What Is an Object? (with Examples)

An object is a noun (or pronoun) that is governed by a verb or a preposition. There are 3 kinds of objects: a direct object, an indirect object, and an object of a preposition.

Examples of a Direct Object

The direct object of a verb is the thing being acted upon (i.e., the receiver of the action). You can find the direct object by finding the verb and asking "what?" or "whom?". For example: Read more about direct objects.

Examples of an Indirect Object

The indirect object is the recipient of the direct object. You can find the indirect object by finding the direct object (see above) and then asking who or what received it. In the examples below, the indirect objects are shaded, and the direct objects are in bold. In the last example, the direct objects were noun clauses. An object can be a single word, a pronoun, a noun phrase, or a noun clause.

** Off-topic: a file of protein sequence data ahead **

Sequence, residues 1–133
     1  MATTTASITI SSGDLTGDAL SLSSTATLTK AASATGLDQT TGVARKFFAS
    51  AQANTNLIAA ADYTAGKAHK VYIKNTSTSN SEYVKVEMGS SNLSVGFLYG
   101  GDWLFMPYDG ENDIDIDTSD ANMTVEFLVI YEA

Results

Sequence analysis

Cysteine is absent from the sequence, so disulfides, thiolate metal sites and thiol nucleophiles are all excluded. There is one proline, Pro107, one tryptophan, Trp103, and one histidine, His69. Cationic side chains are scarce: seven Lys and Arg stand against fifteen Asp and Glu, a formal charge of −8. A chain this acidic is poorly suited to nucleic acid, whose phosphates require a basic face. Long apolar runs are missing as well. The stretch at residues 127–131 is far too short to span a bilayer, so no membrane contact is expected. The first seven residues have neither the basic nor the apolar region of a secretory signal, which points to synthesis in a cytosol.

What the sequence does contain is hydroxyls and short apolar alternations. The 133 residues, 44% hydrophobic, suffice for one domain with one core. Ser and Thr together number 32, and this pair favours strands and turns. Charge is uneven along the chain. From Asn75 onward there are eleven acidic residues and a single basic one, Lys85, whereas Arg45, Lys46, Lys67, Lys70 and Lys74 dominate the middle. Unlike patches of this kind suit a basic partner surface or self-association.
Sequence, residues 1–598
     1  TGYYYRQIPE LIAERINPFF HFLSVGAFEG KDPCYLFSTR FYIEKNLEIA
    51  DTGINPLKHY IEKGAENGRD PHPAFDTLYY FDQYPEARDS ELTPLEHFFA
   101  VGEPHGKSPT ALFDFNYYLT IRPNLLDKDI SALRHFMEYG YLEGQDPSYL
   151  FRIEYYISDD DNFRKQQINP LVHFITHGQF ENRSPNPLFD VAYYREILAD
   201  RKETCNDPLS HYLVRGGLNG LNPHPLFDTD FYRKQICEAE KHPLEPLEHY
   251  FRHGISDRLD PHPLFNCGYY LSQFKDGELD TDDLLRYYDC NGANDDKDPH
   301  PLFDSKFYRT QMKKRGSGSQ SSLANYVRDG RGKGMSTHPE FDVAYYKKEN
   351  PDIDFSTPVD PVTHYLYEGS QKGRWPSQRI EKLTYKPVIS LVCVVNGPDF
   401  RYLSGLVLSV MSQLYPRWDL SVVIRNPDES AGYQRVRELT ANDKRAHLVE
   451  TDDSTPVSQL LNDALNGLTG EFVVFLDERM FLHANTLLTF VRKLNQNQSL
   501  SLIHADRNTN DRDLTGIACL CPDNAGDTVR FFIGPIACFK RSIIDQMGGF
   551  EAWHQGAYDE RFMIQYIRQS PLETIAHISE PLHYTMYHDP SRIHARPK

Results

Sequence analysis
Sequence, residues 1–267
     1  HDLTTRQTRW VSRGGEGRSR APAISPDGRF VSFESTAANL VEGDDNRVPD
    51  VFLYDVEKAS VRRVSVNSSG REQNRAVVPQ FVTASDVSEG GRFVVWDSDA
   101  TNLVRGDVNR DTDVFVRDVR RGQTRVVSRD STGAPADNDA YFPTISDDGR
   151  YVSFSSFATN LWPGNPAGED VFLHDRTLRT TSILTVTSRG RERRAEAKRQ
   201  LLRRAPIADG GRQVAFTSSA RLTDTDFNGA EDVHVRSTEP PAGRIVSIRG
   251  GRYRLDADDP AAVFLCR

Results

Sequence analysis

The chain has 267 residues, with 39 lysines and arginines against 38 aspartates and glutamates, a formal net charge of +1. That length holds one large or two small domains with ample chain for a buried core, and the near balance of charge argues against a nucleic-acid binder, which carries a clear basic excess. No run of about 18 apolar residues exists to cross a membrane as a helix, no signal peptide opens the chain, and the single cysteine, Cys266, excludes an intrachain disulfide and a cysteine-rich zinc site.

Read more about indirect objects.

Examples of an Object of a Preposition

The noun or pronoun after a preposition is known as the object of a preposition. In the examples below, the objects of prepositions are shaded, and prepositions are in bold. Read more about objects of prepositions.

Objects Are in the Objective Case

Objects are always in the objective case. In English, this only affects pronouns (but not all pronouns). For example: Here is a list of subjective pronouns and objective pronouns:
Subjective PronounObjective PronounComment
youyouNo change
ititNo change
whowhom More on who & whom

A Quick Test


The word who is never an object. Objects are put into the objective case, and the objective case of who is whom. For example: You can think of it like this:

Whom is to who as:

me is to I
him is to he
her is to she
us is to we
and them is to they

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See Also

Advice or advise? List of easily confused words